Mass shooting kills four Native Americans in northern California
Four people are dead and another two are injured after a woman began shooting inside a Native American tribal office in northern California, according to local law enforcement officials.
The incident began Thursday afternoon in Alturas, California, where alleged shooter Sheri Lash, 44, was attending a meeting concerning her eviction when she reportedly opened fire. Around 3:30 p.m., police say Lash began "systematically shooting individuals" at the Cedarville Rancheria tribal office, expending all her ammunition and hitting six people.
Alturas Police Chief Ken Barnes told local ABC affiliate KRCR that after Lash ran out of bullets, she picked up a butcher knife from the kitchen and stabbed one of the individuals. She was reportedly found outside by police, running with a knife in her hand, and was quickly detained with the help of an office employee. Officials claimed two semiautomatic handguns were found at the scene.
According to Reuters, Lash is currently being held in police custody. She has been charged on counts of homicide, attempted murder, child endangerment, and brandishing a weapon.
Among the victims were two women, 19 and 45 years old, and two men, aged 30 and 50. All four were members of the Rancheria tribe, and one of the male victims was the current tribal leader. The two others who were injured – one of whom was shot multiple times and possibly stabbed – were transferred to local hospitals, where they were placed in critical condition.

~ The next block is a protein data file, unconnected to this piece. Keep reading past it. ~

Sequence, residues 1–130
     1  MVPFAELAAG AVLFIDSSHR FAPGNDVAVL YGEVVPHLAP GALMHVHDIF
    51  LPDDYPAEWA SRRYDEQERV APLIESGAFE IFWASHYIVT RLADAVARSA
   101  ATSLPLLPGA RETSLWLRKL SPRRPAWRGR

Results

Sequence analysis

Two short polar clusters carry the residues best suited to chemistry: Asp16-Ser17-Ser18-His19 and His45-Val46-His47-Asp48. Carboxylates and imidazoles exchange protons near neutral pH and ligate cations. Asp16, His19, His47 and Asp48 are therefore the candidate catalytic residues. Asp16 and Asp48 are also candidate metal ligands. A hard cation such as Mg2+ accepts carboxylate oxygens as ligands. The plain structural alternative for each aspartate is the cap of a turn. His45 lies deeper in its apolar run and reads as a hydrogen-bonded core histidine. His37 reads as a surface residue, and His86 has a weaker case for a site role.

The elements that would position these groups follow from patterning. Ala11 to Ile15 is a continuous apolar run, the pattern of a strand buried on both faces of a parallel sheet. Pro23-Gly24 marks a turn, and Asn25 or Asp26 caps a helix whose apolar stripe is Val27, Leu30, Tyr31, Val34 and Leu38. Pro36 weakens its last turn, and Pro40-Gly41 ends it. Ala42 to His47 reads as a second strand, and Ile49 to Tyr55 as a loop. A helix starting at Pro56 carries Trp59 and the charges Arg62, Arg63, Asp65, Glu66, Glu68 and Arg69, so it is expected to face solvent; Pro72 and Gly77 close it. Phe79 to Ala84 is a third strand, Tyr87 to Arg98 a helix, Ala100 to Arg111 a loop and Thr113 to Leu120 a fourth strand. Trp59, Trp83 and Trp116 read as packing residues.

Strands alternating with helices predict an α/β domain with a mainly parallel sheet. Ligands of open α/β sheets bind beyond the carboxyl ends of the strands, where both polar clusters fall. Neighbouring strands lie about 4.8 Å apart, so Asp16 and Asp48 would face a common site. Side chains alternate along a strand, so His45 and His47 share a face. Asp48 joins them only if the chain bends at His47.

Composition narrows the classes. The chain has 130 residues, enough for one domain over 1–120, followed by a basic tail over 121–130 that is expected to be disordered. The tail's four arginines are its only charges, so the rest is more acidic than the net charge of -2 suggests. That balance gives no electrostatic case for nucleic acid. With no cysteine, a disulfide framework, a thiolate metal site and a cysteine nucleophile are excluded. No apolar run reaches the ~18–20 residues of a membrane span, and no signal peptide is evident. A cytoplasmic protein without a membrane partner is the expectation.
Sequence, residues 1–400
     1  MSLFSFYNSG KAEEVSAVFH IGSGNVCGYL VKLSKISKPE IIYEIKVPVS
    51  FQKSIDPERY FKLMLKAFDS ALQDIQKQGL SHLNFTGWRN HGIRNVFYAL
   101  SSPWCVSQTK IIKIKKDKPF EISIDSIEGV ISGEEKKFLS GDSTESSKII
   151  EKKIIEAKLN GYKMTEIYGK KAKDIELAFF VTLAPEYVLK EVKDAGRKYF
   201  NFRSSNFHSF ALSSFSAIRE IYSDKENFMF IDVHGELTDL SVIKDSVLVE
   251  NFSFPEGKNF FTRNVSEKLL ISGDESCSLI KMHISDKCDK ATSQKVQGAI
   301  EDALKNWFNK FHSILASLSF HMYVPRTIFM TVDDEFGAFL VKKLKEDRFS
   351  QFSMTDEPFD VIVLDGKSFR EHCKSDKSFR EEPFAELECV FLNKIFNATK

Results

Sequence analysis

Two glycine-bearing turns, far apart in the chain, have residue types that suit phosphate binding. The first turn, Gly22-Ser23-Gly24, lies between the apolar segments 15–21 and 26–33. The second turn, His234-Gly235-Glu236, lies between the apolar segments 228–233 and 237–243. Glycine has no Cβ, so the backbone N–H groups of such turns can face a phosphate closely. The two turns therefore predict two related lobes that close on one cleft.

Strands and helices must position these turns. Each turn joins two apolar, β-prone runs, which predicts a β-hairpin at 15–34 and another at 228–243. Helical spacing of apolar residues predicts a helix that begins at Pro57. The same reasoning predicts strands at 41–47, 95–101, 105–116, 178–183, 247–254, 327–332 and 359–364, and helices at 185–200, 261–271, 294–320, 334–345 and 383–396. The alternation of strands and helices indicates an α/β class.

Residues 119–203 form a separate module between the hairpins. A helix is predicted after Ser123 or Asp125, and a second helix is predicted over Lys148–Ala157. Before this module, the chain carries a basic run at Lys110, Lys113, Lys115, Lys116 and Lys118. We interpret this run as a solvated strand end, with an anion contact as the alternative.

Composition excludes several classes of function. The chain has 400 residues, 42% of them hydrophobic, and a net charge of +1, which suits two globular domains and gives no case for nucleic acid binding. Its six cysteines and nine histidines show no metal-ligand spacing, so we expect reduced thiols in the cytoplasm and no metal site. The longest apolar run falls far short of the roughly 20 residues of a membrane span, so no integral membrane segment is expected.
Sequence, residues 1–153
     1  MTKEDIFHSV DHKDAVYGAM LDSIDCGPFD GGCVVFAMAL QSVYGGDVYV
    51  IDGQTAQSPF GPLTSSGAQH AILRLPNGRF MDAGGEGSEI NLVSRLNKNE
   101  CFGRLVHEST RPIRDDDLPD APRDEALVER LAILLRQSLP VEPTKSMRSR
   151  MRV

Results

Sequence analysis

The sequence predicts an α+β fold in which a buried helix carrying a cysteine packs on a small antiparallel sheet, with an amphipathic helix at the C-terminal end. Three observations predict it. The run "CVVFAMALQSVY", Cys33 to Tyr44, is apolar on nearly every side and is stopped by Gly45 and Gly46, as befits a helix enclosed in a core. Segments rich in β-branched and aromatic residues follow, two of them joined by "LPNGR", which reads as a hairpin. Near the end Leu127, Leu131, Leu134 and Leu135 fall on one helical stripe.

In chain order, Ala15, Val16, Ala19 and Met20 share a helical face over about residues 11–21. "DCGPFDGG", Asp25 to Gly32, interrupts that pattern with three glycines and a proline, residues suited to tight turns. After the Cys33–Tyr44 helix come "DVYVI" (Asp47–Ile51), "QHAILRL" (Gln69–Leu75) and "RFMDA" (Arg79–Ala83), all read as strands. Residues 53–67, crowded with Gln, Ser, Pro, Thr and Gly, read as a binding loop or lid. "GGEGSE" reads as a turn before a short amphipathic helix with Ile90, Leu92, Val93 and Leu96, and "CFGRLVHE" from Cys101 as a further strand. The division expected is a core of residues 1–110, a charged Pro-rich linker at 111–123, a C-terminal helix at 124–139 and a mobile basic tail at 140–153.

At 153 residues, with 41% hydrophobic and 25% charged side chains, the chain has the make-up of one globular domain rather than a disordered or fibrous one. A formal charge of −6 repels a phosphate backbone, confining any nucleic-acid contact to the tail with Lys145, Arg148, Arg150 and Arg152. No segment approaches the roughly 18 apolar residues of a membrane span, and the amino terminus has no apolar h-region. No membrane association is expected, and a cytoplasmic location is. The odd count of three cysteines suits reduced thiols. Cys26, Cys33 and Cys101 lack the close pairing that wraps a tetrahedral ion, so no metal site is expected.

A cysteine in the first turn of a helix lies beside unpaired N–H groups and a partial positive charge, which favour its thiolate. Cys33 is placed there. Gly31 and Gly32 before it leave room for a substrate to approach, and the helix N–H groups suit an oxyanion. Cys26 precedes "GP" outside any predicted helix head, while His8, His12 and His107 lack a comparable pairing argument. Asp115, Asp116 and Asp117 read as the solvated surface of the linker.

Names of the victims were not made public, while autopsies on the deceased are scheduled for Friday.
"This is like nothing I have had to deal with in my 25 years of being with the city of Alturas," Barnes told another ABC affiliate, News 10. "It's just tragic."
Police were apparently notified of the shooting when an individual managed to escape the Rancheria office, covered in blood, and made their way to authorities.
The Cedarville Rancheria is a federally recognized tribe with 35 members, according to the organization’s website. The tribe encompasses 26 acres of land in on northern California, and was meeting to consider the eviction of Lash and her son, though the reasons for such action are unclear.
"We're trying to get this thing resolved as quick as possible," Barnes said to News 10. "So it's, it's a huge impact on our community."